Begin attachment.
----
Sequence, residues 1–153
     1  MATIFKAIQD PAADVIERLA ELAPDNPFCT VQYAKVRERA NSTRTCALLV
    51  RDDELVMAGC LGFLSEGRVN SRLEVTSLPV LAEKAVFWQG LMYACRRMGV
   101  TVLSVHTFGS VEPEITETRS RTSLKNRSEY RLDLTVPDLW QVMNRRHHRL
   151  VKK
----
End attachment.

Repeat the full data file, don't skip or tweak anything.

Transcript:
Sequence, residues 1–153
     1  MATIFKAIQD PAADVIERLA ELAPDNPFCT VQYAKVRERA NSTRTCALLV
    51  RDDELVMAGC LGFLSEGRVN SRLEVTSLPV LAEKAVFWQG LMYACRRMGV
   101  TVLSVHTFGS VEPEITETRS RTSLKNRSEY RLDLTVPDLW QVMNRRHHRL
   151  VKK